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This is a preview of the new Deli charts - we are working on finalizing them by the end of 2013.


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Spellling’s Cryptic Mazy Fly Released February 22

Oakland’s own SPELLLING released her sophomoric album, Mazy Fly last month and it’s full of vampiric vibes and haunting lyrics. Tracks are somewhere between dark synth pop and experimental R&B, with wild noise clips of flies and whispers, spaceships and flying saucers. Chrystia Cabral, the woman behind SPELLLING, says she wants to evoke the disturbing feels of colonial violence “...that haunt the historical slave ship routes of the Middle Passage.” When you listen with that in mind, tracks take an even darker leap and plunge the listeners into reflection and emotion. - Michelle Kicherer, Associate Editor

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Noise Pop Showcase: Rex Ruit at the Starline February 28th

We’re happy to report that Oakland’s own Rex Ruit will be playing at The Starline Social Club this Thursday the 28th as part of Noise Pop. Tracks like “Vertigo” and “South” give this rocky post-punk album a lighter feel. Lovely guitar melodies blend with vocals that come in and out of clarity and really push this album into an almost dream-pop beachy realm while still keeping that alternative feel the band is known for. They’ll be part of a pretty killer lineup: Black Marble, Spiritual Cramp and Shutups at one of our favorite venues. -Michelle Kicherer, Associate Editor

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A Deli Premiere: China's “And Then Nothing Happened”

China's newest single “And Then Nothing Happened” has the classic markers of a good country song: the story-telling, the clever lines, and twang all up in their guitars. Vocalist Michael James Tapscott has more of a Jeff Tweedy style than a true country boy, but we like that. The title track off their new album has lines like: “I’m nothing without my baby/and there’s nothing for me after last call.” Good ol’ fashioned Americana values. Overall, their album has a gentle Tom Petty feeling to it (check out track “Crossing the Ohio”). It’s full of lovely harmonies and everytime that sexy pedal steel touches a song it’s a fine moment indeed. How to summarize the album? To steal a quote from the band, they “...are a bunch of beautiful losers caught in a freeze frame hovering somewhere between mundanity and epiphany.” Give these losers a listen here, see them tonight at Papermill Creek Saloon, and catch them locally when they’re back from their West Coast Tour. -Michelle Kicherer, Associate Editor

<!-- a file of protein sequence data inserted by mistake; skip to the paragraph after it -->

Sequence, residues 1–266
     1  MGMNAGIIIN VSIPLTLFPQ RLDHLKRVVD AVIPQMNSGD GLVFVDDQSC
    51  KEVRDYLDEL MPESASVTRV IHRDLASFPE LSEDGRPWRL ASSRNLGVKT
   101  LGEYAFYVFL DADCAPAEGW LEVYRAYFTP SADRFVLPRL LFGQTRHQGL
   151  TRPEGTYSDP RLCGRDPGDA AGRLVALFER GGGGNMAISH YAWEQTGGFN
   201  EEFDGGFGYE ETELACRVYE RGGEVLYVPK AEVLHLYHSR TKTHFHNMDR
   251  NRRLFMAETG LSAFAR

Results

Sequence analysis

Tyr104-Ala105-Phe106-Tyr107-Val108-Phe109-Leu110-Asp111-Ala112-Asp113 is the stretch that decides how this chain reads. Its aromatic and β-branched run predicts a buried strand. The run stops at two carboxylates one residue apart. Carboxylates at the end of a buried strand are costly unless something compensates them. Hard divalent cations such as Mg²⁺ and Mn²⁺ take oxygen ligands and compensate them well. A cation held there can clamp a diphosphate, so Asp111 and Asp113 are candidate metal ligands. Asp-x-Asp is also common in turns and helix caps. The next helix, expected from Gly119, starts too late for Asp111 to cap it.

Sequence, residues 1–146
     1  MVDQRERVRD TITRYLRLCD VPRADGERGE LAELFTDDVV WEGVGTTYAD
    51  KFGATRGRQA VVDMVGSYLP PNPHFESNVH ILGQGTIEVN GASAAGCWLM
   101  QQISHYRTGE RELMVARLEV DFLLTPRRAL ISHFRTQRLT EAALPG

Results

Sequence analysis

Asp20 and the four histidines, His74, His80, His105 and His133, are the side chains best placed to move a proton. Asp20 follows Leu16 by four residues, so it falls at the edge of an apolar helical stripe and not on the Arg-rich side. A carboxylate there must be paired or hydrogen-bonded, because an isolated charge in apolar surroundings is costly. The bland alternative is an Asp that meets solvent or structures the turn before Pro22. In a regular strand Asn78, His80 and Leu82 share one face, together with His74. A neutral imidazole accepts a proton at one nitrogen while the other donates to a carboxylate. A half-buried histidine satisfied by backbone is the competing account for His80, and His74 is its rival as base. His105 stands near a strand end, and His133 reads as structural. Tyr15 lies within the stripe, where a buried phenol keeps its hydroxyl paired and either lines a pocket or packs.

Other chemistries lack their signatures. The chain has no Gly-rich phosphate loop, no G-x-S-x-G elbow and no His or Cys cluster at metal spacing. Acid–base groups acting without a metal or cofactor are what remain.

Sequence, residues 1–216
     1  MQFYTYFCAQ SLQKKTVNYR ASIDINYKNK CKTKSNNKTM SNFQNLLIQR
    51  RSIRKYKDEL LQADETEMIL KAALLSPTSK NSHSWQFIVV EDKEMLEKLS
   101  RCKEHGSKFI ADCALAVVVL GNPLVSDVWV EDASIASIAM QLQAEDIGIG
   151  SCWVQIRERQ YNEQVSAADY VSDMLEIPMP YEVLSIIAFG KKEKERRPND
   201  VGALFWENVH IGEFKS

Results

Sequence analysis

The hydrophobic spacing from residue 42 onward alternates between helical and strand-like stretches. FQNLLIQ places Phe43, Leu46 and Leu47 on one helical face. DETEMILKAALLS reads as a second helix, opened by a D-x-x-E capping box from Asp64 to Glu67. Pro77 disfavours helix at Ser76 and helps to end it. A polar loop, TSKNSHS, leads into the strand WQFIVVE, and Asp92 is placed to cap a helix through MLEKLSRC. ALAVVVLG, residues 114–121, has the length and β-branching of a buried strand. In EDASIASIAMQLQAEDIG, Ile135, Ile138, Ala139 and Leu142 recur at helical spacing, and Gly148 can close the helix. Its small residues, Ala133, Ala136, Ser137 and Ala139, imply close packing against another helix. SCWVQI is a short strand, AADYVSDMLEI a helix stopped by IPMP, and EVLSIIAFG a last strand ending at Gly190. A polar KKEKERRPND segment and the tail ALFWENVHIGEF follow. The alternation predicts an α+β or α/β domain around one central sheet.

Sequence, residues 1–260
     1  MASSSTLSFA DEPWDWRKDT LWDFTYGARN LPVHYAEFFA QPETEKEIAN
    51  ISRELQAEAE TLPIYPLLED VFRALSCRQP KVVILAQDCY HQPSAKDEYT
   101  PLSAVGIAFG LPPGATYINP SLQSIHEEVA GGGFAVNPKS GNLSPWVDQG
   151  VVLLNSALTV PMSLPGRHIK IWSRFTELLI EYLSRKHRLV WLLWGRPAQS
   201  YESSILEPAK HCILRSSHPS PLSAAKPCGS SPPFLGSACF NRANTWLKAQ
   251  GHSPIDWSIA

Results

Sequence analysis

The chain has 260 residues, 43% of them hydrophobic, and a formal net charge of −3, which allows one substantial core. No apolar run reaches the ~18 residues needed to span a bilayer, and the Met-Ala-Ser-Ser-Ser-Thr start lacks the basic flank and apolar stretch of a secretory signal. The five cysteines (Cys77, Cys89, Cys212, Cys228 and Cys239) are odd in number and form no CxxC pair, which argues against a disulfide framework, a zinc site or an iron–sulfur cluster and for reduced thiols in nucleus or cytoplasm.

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Presidents’ Day Special: Pancho Morris' Strangetown USA Music Video

Pancho Morris combines Waitsian lyrics with Lynchian visuals in the folky-funny new music video for “Strangetown USA.” Though the song itself doesn’t have huge lyrical variation, its music video is so completely packed with symbols and statements (and a huge cast) that one really must watch it several times to see all the sights. The video starts off with its star, a young man in an all-white outfit whispering in Russian into a red telephone perched inside a hanging bird cage. If that’s not an illusion to Trump and his Russian buddies, well. The star then walks through a factory full of depressing laborers, where everyone--including himself--is clothed in orange jumpsuits and manufacturing rubbish of some sort. We’re then in a slaughterhouse, where a laughing, blood-splattered man hacks away at a carcass. Ah, animal cruelty.

 

Speaking of the food industry. The star then marches his way toward a diner--first taking a stroll through some sex-kittens that may or may not be alluding to Trumpy’s sexual escapades in Russia and beyond--and up to the counter, where a disgruntled cook slaps a burger bun on a cell phone. Our star slams a shot and in our next scene he’s in a white suit, carelessly strutting by a protest to which he does not seem to give a fuck. We’ll let you watch the rest for yourselves, and tell us what you think! God bless the USA?

 

This video was shot with an insanely massive and talented crew of folks based in Oakland and was recorded at Zoolabs. Produced by James “Skyway Man” Wallace. Check out Pancho Morris’ work and stay tuned for more. -Michelle Kicherer, Associate Editor

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